SYDNEY (Reuters) - Australian author Will Elliott got tired of telling people that his first novel, about a schizophrenic clown, was not autobiographical, so he wrote about what it’s really like to deal with the illness in a memoir.
Filled with dark humour and honest insights, “Strange Places” details the 30-year-old’s journey through the drugs, delusions and insights that psychosis, and recovery, bring. The book was published in May.
Elliott, who has won several awards for his fiction, had to drop out of law school at the age of 20 after being diagnosed with schizophrenia.
He wrote his critically acclaimed debut novel, “The Pilo Family Circus,” which was published in Australia in 2006, while recovering from a psychotic episode.
Elliott says he hopes his memoir will help people newly diagnosed with schizophrenia and those who care for mentally ill patients. He spoke to Reuters recently about why writing is a form of therapy.
Q: Why did you chose to write about schizophrenia?
A: “Early on, when I was diagnosed and before I considered writing, it occurred to me that I would have enjoyed seeing what someone who had been there (would) say what it was like. The only people I was talking to were doctors and case workers, people who mean well, but put it into terms that are foreign and sound strange to someone just coming out of the chaos of a psychotic episode.”
Q: Have attitudes towards schizophrenia changed?
A: “I believe so, in a big way, especially as far as treatment goes. I think we understand the illness a lot more now than we did back in the days of electric shock. It’s still a very mysterious phenomenon.”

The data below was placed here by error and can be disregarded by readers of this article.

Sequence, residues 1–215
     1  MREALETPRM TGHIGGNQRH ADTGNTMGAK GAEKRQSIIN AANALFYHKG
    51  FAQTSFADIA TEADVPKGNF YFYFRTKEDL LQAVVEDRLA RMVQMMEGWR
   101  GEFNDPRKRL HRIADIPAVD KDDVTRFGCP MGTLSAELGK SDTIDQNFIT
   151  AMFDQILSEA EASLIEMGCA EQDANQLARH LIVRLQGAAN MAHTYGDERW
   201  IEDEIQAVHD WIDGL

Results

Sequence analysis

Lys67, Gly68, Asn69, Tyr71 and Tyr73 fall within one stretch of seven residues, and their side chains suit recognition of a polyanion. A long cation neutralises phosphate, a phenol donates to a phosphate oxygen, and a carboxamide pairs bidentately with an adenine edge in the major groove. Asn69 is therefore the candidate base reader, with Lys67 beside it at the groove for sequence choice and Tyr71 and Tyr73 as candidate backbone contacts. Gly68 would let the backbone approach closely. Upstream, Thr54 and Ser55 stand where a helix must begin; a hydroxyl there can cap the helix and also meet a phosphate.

Q: Have you ever felt discriminated against?
A: “I actually haven’t. I might have been lucky in that I just had people around me that were very understanding. However, it’s not something I’m very comfortable talking about.
“It was always a fear of mine, if I was ever meeting parents of a potential girlfriend, that I would have to disclose this fact at some point, and that it would be a deal-breaker kind of thing. But I think I’ve been extremely lucky in that sense.”
Q: When you were writing “The Pilo Family Circus” you had just been diagnosed with schizophrenia. Do you think the psychotic episode influenced the characters in the book?
A: “I do think some of the more delirious aspects of psychotic symptoms probably did help attribute to aspects of the book.”
Q: Why did you write your memoirs so early in your life?
A: “I could get hit by a bus tomorrow and not get a story out, and I think this one is more important than any fictional story. I wrote a lot of the content for this book before I became an author, but I thought people would take a lot more notice if there would be something to latch on to, otherwise I would just be some anonymous mental patient, and who cares.”
Editing by Miral Fahmy